A final appeal from Death Row reopens a decade-old murder case as the world’s preeminent legal novelist (Personal Injuries, 1999, etc.) proves once again why his grasp of the moral dimensions of legal problems sets the gold standard for the genre.
The cops in Turow’s home turf of Kindle County had no trouble solving the Fourth of July Massacre ten years ago because Romeo Gandolph “confessed to everybody but the Daily Planet,” as his court-appointed appellate attorney Arthur Raven tells his junior associate Pamela Towns. But now, weeks from execution, Rommy’s changed his story. Instead of pleading insanity to the shooting of popular restaurant owner Gus Leonidis and two customers, the acknowledged thief and fence suddenly insists he didn’t do it. And improbable, nearly imperceptible cracks begin to appear in the mountain of evidence that aggressive prosecutor Muriel Wynn and her lover Larry Starczek, the lead detective on the case, amassed against Rommy. The DA’s office, eager to keep their files tidy, never questioned key witnesses, came up with questionable forensics of one of the victims, and overlooked the possibility that Rommy may already have been in custody when the gun went off. This time around, as Arthur realizes, there’s another defendant besides Rommy: Gillian Sullivan, the judge who found him guilty and sentenced him to death before her own conviction and sentence for bribery. Working with Gillian’s unwilling help, Arthur manages to get a confession from a long-unsuspected source. Fans of Turow, however, will see this second confession as no more reliable than the first—except as a device to strip away still more layers of deception from troubled characters desperate to break the fragile alliances they were desperate to form.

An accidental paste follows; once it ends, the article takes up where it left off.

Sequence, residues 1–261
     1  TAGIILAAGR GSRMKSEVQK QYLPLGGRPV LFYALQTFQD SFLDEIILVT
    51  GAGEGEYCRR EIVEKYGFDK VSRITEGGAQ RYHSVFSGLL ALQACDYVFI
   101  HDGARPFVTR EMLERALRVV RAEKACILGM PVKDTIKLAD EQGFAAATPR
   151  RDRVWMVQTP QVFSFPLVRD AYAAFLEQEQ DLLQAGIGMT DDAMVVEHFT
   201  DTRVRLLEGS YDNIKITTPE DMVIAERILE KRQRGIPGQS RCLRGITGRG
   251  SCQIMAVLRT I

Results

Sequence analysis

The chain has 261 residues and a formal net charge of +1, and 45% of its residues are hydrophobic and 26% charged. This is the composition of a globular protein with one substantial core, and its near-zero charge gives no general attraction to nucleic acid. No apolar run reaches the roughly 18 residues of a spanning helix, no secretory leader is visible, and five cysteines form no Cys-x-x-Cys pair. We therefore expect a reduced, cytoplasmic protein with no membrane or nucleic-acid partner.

No car chases, explosions, threats against the detective, movie-star locations, or gourmet meals: just a deeply satisfying novel about deeply human people who just happen to be victims, schemers, counselors-at-law, or all three at once.